She was embarrassed, hurt, ashamed, and most importantly: She felt betrayed. Earlier that day Puja called up Nisha complaining about strange symptoms she had been having. Scared of what these symptoms were of, Nisha recommended Puja go to the Health Services center on campus and see what was going on. With some emotional support, Puja finally decided to get it checked out. Shortly, Nisha got a call that was hardly audible with a mix of sniffing and bawling; it was something that they never thought it would beâ€¦chlamydia. â€œWhat should I do now? What treatment is there? Is there a treatment? How will I pay for the medicine? But most importantly, how will I do all this without my parents finding out?â€
This is just one of the many conversations that are occurring daily among South Asian women. Although Puja was able to get her treatment, she used the excuse of having a staph infection when she told her parents.
I still remember when I was in high school and had to write papers on sexually transmitted diseases (STDs), or sexually transmitted infections (STIs), as they are also commonly known as. At dinner, my parents asked me what homework I was working on, and for my health class we had to write a STD newspaper, covering â€˜headlinesâ€™ about different STDs, incorporating the facts from the â€˜STD fact sheetâ€™. After mumbling what I was working on, an awkward moment of silence ensued during which my mom seemed to choke on her rice. It’s nothing new that it is hard to talk about love and relationships with traditional desi parents, but talking about sex and STDs always seems to be at another level of being the ultimate â€˜tabooâ€™.
Although, from a historical and religious perspective, sex was an issue that most cultures openly accepted, but due to recent cultural perceptions and the title of â€˜social tabooâ€™ put on the act, ithe silence has harmed humanity more than protect us. According to a Canadian article â€œSTD testing overlooked for South Asian women: activistâ€, health activists are saying that women who belong to the South Asian community in Toronto are not getting their annual sexually transmitted diseases check-up as other women, who do so â€˜consistentlyâ€™. Sadly, this issue is broader than just an occurrence in Toronto.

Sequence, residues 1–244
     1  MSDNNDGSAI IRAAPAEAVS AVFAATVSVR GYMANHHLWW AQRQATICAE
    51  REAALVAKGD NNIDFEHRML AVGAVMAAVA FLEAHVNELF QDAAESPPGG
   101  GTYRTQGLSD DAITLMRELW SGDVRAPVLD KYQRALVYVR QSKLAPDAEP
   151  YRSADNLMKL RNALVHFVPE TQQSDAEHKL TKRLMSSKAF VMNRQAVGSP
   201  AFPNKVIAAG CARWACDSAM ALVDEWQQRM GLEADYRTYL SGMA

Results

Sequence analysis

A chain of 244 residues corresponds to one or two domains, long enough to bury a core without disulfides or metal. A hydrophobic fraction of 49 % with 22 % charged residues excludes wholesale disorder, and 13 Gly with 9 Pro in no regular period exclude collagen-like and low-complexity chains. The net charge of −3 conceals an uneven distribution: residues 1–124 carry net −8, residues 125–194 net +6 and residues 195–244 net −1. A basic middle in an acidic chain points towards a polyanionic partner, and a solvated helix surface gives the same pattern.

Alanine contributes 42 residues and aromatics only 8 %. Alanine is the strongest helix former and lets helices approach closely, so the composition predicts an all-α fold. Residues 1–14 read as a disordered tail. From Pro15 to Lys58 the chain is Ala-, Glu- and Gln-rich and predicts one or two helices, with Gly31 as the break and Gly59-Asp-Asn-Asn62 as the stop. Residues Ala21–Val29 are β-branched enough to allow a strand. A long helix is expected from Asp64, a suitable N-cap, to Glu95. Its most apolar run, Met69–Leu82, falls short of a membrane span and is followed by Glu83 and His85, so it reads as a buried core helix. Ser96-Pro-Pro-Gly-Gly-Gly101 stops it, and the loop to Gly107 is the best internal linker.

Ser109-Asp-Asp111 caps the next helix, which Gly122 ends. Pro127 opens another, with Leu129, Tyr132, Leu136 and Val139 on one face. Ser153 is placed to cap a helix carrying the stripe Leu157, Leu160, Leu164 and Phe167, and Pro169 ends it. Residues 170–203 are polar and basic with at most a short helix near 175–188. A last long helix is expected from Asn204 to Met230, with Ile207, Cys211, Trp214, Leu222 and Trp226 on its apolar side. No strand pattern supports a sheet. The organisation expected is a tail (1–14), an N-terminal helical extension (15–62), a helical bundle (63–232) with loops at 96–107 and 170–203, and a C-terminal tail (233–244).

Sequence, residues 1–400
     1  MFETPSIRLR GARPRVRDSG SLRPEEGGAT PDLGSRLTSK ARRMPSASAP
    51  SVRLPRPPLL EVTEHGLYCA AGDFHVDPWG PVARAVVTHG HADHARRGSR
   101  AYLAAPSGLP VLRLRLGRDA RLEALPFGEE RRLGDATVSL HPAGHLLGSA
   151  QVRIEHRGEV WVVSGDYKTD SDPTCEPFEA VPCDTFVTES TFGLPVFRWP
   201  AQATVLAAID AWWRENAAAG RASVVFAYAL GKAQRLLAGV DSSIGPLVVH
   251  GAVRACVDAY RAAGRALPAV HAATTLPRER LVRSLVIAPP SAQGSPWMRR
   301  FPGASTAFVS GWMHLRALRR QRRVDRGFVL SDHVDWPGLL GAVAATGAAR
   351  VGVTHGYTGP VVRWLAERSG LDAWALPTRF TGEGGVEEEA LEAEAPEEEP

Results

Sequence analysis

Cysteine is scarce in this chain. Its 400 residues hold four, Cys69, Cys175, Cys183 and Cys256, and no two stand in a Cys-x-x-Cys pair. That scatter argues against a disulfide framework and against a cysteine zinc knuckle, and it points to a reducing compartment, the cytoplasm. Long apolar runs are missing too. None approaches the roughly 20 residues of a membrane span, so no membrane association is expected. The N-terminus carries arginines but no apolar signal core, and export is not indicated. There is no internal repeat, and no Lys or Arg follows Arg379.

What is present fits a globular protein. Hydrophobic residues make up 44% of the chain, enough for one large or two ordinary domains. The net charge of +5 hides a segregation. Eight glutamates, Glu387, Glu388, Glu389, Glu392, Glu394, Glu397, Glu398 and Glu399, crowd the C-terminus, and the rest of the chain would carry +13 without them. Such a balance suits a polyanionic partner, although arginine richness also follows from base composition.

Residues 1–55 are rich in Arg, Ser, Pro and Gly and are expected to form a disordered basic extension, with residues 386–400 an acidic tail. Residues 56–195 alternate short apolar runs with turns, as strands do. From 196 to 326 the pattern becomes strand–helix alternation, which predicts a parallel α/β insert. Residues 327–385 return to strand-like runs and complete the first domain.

For the next week Puja tried to avoid her boyfriend’s calls and did not know what to do. She felt alienated and was worried about how to talk to him, or whether to let it go, though her doctor had encouraged her to make sure he was treated as well. Like most concerned friends would recommend, Nisha wanted Puja to talk to her boyfriend, but Puja did not even know where to start.
Since we are too often caught up in our world of the stereotypical â€˜desiâ€™, we think we will not be infected, will not get pregnant, will notâ€¦followed by more â€˜will notâ€™sâ€™.Â The biggest problem is that we never think it will happen to us.
What can you do?